The Insurance Industry and Climate Change: How ACE Group Manages Climate Change Risks

Insurance companies like ACE are increasingly affected by extreme weather related events due to climate change. How is ACE managing and mitigating these environmental risks?

Property and casualty insurance companies are increasingly affected by climate change as property-related risks rise due to extreme weather related events and natural catastrophes. Most scientists agree that climate change contributes to an increased occurrence of extreme weather related events and natural catastrophes (e.g., floods, droughts, heat waves and hurricanes). According to Swiss Reinsurance Company (Swiss Re), a large reinsurance company based in Zurich, Switzerland, 189 natural catastrophes were recorded in 2014 alone and that amounted to $28 billion in insured losses ($68 billion in total losses). [1] Rising sea levels and more extreme weather events means that losses are likely on the rise. Specifically, in its July 2014 report, Corelogic identified more than “6.5 million U.S. homes at risk of storm surge damage, with a total reconstruction value of nearly $1.5 trillion.” [2] Managing the risks of climate change (and sufficiently dealing with the resulting insured losses) is intrinsically important to the insurance industry; failure to recognize the threat and manage the amount of capital available to pay out potential losses can be debilitating to insurance companies.

ACE is one of the largest global property and insurance companies to tackle climate change. It has been a leader in developing products and risk management services to address climate change. ACE’s climate change strategy is two-fold: 1) effectively manage the risks from increased weather events and 2) offer innovative products that encourage customers to reduce greenhouse gas (GHG) emissions.

ACE is developing innovative financial modeling products in order to effectively underwrite and manage its exposure to climate change risks. ACE is a leading user of catastrophe models to measure extreme weather related risks for product pricing, risk management, capital allocation and to estimate losses from hurricanes. [1] It uses models to monitor its exposure to natural catastrophes and guarantee that its capital reserves meet requirements of regulators, rating agencies and policyholders. As a result of the increased frequency of extreme weather related events, ACE does not use historical data in their catastrophe models to predict risk; instead they use a “shorter-term view of event frequency that is higher than the long-term historical frequency.” [1] Another tool that ACE began developing in 2015 following the disastrous aftermath of Hurricane Sandy is a flood risk management model to give underwriters and risk managers a more accurate model to assess flood risks.  [3]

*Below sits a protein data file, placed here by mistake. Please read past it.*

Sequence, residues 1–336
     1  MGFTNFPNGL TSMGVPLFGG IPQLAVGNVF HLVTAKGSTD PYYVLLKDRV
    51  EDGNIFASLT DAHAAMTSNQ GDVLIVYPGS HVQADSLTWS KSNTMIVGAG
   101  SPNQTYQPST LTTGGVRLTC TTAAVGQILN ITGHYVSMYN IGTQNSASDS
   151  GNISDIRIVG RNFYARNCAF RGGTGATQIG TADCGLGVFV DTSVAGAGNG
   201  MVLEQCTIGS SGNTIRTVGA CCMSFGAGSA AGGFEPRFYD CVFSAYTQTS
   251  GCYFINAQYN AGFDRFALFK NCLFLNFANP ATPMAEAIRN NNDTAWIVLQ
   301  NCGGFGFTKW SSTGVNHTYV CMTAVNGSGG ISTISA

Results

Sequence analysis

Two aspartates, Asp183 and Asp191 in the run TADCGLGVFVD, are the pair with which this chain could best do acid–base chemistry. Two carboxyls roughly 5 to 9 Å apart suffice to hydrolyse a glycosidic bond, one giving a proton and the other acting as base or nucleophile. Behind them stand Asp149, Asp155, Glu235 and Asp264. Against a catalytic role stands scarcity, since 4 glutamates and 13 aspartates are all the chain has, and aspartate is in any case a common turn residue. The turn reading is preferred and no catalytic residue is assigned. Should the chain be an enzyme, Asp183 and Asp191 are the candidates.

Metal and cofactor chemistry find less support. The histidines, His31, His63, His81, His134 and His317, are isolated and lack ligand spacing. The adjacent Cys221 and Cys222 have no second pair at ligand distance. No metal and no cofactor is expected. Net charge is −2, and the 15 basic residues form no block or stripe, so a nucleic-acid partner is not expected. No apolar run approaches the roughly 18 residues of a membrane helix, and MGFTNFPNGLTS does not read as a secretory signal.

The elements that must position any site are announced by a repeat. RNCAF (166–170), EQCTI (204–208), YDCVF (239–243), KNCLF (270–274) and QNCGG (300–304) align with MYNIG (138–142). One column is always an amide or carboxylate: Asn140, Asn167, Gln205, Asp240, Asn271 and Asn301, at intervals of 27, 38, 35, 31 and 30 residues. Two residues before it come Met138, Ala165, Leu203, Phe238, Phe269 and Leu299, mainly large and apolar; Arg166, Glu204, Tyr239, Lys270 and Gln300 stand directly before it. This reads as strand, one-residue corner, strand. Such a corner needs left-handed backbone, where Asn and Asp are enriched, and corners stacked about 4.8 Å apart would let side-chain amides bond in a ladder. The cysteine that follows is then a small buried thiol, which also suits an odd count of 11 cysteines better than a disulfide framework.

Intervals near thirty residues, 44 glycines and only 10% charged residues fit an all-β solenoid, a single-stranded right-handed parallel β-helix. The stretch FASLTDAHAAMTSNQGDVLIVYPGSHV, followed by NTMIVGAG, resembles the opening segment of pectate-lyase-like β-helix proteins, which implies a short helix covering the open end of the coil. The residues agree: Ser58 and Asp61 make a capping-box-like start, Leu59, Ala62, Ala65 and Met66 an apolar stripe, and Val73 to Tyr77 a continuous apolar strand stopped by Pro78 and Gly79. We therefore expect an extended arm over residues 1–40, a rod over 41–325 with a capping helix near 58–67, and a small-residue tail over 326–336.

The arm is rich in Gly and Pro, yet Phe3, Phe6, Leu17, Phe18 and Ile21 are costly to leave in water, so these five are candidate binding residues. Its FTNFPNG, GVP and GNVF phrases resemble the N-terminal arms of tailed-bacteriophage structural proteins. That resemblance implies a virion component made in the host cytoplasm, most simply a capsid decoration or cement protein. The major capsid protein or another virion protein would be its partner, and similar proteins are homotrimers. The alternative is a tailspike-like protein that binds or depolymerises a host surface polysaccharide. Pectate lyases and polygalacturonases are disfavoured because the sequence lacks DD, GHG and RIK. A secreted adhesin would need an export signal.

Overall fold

Besides effectively underwriting and managing exposures to climate change risks, ACE understands the opportunities insurers have to offer market-based solutions that assist its customers in shifting to renewable energy and reducing their GHG emissions. ACE offers two new products: Global Premises Pollution Liability (PPL) and Contractors’ Pollution Liability (CPL) policies. These two products provide both insurance and technical support to US multinational companies with the objective of reducing their environmental exposure. ACE also offers a Green Property Insurance policy that covers commercial businesses who choose to adopt “green” standards to rebuild if there is damage or loss to an existing building. “Green” standards include: energy-efficient appliances, electronics, heating and cooling systems, interior plumbing systems and lighting fixtures, etc. Another product is ACE Environmental Risk’s ACE ALERT program that in the event of natural catastrophes, dispatches “incident-response contractors and real-time monitoring of clean-up costs.” [1] This program has achieved accolades from the Business Insurance Innovation Awards Program and has proven to both reduce environmental damage and lower claim costs by 20% to 25%. [1]

Internally, ACE has also launched a corporate environmental program in order to reduce its carbon footprint. Since the program’s launch in 2006, the company reduced GHG emissions approximately 30% per employee by 2012. After reach their goal, ACE announced a new company goal to further reduce emissions 10% per employee from 2012 to 2020. ACE also reports its GHG emissions data and related activities to the CDP. [1]